Shayla-Vie Jenkins

Jenkins performing with the Bill T. Jones/Arnie Zane Dance Company (photo by Paul B. Goode)

Bill T. Jones dancer Shayla-Vie Jenkins is a collection of opposites: majestic yet modest, poised yet relaxed, explosive yet contained. She dances as if she’s having an intimate conversation with each member of the audience.

A native of Ewing, NJ, Jenkins began her training at the Watson-Johnson Dance Theatre and the Mercer County Performing Arts School. In 2004, she graduated from the Ailey/Fordham BFA program (with a minor in English literature) and went on to dance with the Kevin Wynn Collection, nathantrice/RITUALS and the Francesca Harper Project. In 2005, she became a founding member of Yaa Samar! Dance Theatre and joined the Bill T. Jones/Arnie Zane Dance Company. Today, Jenkins continues to captivate audiences as a dancer and artistic collaborator in both companies. —Maggie McNamara



Hi Shay Shay,

Try not to worry so much about things. What will be will be. You’ve heard that song before, right? You only have control over yourself—your words, actions and efforts. Put your focus and energy there.

Your dream is to become a professional dancer? Keep your nose to the grindstone. Don’t get hung up on your fears and insecurities. Developing a strong work ethic now will set you up for not only your dance career but also your life.

(courtesy Shayla-Vie Jenkins)

There’s no greater way to express the range of human emotions than through dance. But I know you feel you’re not as good as others. You tend to get lost in clouds of “if onlys”: If only you had started in the Alvin Ailey junior division earlier; if only you were shorter, thinner, had higher arches, were less muscular. If only you were another version of yourself. But then you wouldn’t be YOU! Accept where you are at any given moment. No excuses, no comparisons, no “what ifs”—nothing but the work. You must be fearless.

In dance class, you gravitate toward the back row. Move forward into the light and take the space. Lift your head up and dance with your eyes wide open.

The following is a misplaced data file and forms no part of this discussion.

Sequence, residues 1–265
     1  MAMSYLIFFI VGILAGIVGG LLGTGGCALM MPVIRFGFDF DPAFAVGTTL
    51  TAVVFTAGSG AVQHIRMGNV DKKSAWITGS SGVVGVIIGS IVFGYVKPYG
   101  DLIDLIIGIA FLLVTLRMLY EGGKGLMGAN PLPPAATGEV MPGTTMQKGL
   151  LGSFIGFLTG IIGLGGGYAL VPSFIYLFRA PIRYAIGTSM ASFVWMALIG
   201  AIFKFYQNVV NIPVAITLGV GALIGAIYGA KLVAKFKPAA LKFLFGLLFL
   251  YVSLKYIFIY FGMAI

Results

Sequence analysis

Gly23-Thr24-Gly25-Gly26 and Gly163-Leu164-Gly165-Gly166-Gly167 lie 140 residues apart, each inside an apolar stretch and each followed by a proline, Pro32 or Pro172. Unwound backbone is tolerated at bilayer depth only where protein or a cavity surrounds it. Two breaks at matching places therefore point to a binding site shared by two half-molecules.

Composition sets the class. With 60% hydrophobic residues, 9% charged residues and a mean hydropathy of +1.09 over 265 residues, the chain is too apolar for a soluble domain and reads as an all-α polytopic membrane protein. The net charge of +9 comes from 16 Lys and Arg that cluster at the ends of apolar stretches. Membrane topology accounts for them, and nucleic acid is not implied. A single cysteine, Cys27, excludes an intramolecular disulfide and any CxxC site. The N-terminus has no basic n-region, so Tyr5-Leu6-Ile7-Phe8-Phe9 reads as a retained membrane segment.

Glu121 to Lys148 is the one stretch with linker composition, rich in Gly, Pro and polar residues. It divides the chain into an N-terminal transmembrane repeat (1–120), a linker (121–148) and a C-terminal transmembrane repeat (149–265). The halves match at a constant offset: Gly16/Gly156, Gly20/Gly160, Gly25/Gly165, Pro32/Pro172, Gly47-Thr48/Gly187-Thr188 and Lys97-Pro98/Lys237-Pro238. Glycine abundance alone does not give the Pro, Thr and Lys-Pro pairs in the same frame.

Don’t be afraid to make mistakes. I know dancing on pointe is a challenge. Don’t avoid it. Keep going—you’re getting closer to success. Stay with the things that are difficult. Push your limits, girl. You don’t know how far they go.

Learn to love the process. The collaboration and everyday practice that go into creating a work are just as important as the final outcome. We are not fixed beings—nothing is permanent. Enjoy the transitions. Be brave.

I love you unconditionally.

PS: Wrap your arms around your amazingly supportive parents and tell them how thankful you are for all they’ve done.

Latest Posts

Photo by Jayme Thornton

How Paloma Garcia-Lee Manifested Her Dream Role, in Steven Spielberg’s "West Side Story"

On a rainy day in November 2018, Paloma Garcia-Lee got a call from her agent that brought her to her knees outside her New York City apartment: She was going to play Graziella in Steven Spielberg's West Side Story.

The call came after a lengthy audition process with Spielberg in the room, and the role, originated by Wilma Curley on Broadway in 1957 and later portrayed by Gina Trikonis in the 1961 film, was her biggest dream. In fact, it's something Garcia-Lee says she manifested from the day plans for the movie were announced in January 2018. "I wrote in my journal: 'I am playing Graziella in Steven Spielberg's West Side Story.'"

Keep Reading SHOW LESS
Photo by @mediabyZ

Am I Less Committed to Dance Because I Have Other Passions? (Spoiler Alert: NO!)

Let's face it—dance is HARD, and in order to achieve your goals, you need to be committed to your training. "Still, there's a fine line between being committed and being consumed." Dancers can, and should, have interests outside of the studio.

Not convinced? We talked with dance psychologist Dr. Lucie Clements and two multifaceted dancers, Kristen Harlow (a musical theater dancer pursuing a career in NYC and Kentucky) and Kallie Takahashi (a dancer in her final year at New York University's Tisch School of the Arts), and got the inside scoop on how having hobbies outside of dance can inform your artistry, expand your range and help prevent burnout.

Keep Reading SHOW LESS
Photo by Jamayla Burse

Catching Up With Christian Burse, Comp Kid Turned Complexions Rising Star

With her nearly limitless facility, well-timed dynamics and incredible control, Christian Burse's future as a dancer was guaranteed to be bright. A student at the renowned Booker T. Washington High School for the Performing and Visual Arts in Dallas, TX, and at Dance Industry Performing Arts Center in Plano, TX, Burse has consistently made waves: She won first runner-up for Teen Outstanding Dancer at New York City Dance Alliance Nationals in 2019, received a grant for summer study at Juilliard from the Texas Young Masters program in 2020, and was named a YoungArts finalist for dance in 2021.

So, it wasn't all that surprising when Burse announced that, at just 17 years old, she would be joining Complexions Contemporary Ballet as an apprentice for the company's 2021–22 season.

Dance Spirit caught up with Burse to hear all about her first season with Complexions ahead of the contemporary ballet company's run at the Joyce Theater in NYC this month.

Keep Reading SHOW LESS

Editors' Picks

Enter the Cover Model Search